The COVID-19 pandemic has had a dramatic effect on global trade, disrupting industries, economies, and supply chains. Prolonged lockdown periods caused a supply and demand shock.
Governments, businesses, and individual consumers struggled to procure basic products and materials. Most of them were forced to confront the fragility of the modern supply chain to achieve better supply chain resilience.
Now, as the pandemic is slowly being brought under control, businesses must retool their supply chains. They should establish new backstops and inventory buffers in the face of global economic uncertainty, according to a new report.
Now, more than ever, there is an urgent need to design smarter, stronger, and more diverse supply chains. This has been one of the main lessons of this crisis.
Some things are not going to change. Consumers will continue to want low prices (especially in a recession). Firms won’t be able to charge more just because they manufacture in higher-cost home markets. In addition to the competition, the pressure to operate efficiently and use capital and manufacturing capacity frugally will remain unrelenting.
This will challenge companies to achieve better supply chain resilience without weakening their competitiveness. To do this, managers should first understand their vulnerabilities and then consider a number of steps to improve. Some of which they should have taken long before the pandemic struck.
One of the main aspects of supply chain resilience lies in having more options. Diverse sourcing and digitization are therefore key to building stronger, smarter supply chains and ensuring a lasting recovery.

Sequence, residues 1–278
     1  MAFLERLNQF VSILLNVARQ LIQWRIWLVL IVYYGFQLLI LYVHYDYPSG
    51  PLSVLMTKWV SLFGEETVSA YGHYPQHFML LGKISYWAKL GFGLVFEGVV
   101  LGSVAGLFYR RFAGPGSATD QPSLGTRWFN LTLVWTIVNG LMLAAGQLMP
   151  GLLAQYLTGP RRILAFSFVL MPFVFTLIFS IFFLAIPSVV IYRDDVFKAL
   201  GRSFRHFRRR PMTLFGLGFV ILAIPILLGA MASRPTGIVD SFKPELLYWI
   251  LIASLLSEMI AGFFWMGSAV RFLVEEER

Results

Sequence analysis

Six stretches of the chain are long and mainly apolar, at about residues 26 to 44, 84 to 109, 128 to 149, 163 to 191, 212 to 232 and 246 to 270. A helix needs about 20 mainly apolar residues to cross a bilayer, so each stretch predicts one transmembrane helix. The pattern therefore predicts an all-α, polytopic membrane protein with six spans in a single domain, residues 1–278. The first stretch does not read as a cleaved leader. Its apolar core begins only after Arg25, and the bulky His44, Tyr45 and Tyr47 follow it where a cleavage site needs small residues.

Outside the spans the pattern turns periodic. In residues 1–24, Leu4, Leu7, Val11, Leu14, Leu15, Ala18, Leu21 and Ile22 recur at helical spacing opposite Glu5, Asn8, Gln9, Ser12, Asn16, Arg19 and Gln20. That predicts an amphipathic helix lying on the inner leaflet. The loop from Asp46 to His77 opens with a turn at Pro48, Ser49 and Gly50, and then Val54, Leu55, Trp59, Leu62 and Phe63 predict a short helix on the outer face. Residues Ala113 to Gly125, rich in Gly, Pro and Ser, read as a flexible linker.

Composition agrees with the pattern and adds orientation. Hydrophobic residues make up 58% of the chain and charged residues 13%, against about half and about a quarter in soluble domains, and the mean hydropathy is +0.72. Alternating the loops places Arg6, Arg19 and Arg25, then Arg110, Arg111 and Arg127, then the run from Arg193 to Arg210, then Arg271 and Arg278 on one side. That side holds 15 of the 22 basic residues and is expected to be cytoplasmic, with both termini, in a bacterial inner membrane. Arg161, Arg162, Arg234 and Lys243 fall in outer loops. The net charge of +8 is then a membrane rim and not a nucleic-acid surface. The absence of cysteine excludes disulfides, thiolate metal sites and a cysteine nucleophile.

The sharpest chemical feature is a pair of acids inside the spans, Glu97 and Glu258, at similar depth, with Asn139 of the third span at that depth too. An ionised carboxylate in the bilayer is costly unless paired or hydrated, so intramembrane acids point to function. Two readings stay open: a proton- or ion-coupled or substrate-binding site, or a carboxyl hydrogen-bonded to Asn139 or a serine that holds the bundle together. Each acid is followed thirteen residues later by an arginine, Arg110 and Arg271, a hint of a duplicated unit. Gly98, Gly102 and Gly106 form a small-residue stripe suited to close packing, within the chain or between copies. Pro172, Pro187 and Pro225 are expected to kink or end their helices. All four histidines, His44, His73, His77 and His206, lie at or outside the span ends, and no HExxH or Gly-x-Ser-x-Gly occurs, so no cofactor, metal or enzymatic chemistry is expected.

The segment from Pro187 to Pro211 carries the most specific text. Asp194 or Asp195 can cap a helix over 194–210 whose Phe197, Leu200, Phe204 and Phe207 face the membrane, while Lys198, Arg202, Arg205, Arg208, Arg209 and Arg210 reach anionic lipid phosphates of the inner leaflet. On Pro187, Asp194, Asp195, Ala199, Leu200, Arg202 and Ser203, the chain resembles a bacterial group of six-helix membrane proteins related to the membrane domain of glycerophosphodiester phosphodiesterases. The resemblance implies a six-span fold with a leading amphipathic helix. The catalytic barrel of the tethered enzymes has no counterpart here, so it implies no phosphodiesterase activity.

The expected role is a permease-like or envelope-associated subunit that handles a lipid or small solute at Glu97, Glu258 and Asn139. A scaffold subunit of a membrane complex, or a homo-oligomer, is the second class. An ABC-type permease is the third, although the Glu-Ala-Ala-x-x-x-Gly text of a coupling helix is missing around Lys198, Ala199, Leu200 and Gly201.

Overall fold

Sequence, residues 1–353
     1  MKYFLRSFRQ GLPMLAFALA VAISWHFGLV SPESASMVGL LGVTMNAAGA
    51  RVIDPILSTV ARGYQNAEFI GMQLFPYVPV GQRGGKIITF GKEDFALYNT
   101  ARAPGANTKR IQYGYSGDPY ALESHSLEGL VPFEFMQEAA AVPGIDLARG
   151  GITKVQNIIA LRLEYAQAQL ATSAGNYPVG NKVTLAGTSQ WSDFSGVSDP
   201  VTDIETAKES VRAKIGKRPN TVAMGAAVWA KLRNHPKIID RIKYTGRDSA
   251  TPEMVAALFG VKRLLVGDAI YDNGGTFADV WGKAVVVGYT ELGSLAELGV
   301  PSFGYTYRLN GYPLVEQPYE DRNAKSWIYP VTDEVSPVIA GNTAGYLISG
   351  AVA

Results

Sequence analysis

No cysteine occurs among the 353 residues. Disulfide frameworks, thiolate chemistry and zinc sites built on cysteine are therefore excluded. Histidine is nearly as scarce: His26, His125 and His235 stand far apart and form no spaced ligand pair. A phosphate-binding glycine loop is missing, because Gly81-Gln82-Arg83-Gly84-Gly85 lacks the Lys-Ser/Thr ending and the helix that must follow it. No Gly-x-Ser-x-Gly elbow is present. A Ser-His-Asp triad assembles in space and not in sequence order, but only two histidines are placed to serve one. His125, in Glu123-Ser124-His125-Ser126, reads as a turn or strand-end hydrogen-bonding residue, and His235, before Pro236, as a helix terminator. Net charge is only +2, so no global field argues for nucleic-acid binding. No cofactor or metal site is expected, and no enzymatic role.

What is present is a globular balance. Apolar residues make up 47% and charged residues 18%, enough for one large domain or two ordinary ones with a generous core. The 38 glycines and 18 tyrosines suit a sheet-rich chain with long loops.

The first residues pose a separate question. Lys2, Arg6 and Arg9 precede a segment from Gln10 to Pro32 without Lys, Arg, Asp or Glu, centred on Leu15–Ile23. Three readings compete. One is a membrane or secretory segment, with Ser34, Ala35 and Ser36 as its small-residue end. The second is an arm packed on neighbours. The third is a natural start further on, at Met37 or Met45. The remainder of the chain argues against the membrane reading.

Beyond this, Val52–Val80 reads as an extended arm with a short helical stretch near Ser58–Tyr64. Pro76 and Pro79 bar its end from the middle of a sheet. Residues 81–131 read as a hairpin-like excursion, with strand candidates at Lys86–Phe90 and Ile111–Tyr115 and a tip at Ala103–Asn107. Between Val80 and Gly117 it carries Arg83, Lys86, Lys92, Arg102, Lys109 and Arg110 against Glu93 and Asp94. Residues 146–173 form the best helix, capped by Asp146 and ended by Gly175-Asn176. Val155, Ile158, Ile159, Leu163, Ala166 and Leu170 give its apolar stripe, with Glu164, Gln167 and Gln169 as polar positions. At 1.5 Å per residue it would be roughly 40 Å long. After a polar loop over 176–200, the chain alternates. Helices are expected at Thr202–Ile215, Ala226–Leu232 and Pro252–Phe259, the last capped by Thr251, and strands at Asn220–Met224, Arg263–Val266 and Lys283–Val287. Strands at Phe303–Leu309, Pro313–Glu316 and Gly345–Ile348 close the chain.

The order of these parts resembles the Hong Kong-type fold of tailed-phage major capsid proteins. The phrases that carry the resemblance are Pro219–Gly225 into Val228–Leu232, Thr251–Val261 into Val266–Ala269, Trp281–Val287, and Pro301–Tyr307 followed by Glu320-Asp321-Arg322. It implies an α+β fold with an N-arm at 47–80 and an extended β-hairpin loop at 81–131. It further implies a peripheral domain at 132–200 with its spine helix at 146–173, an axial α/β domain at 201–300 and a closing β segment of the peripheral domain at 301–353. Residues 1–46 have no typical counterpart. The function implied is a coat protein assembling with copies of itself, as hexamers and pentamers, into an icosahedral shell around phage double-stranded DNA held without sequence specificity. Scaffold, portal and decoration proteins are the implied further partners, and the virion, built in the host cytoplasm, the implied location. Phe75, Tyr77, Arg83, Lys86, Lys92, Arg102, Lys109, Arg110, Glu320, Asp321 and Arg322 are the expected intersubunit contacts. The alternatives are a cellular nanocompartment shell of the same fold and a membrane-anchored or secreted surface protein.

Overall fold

Transportation and warehousing providers will also need to adjust their operations as well. They need to invest in technology to improve efficiency and ramping up to support increased demand for online shopping.
Some companies are already looking to blockchain technology and smart contracts as a way to evolve their supply chain planning function
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There are three key focus areas:
- Evolve digital to unlock data;
- Rethink the operating model;
- Build an asset-light network.
The secure, immutable nature of blockchains makes them well suited for managing upstream supply disruptions. They can support tier 1 and tier 2 suppliers while rebalancing short-term sourcing decisions in the light of supply network constraints.
Innovating gives companies time to turn their attention to the medium-term security of the supply base. They can unlock funds intelligently, and building supply chain resilience in the long term.
Blockchain technology has received attention from both practitioners and academics not just because of the soaring value of bitcoin and frenzy over cryptocurrency.
Its inherent qualities of greater trust, transparency, data collaboration, customer centricity, and scalability make blockchain ideal technology for supply chains.
The opportunity is to mitigate risks associated with intermediaries’ interventions, reduce hacking and improve transparency.
Blockchain and smart contracts can support supply shains to be less vulnerable to operational and political turmoil, implement by design operational and regulatory compliance, and avoid contractual disputes.Luigi Telesca, Trakti CEO
Organizations that leverage blockchain technology to enhance supply chain resilience in times of increased risks and uncertainty can update their risk management strategies to ensure purpose-led procurement decisions.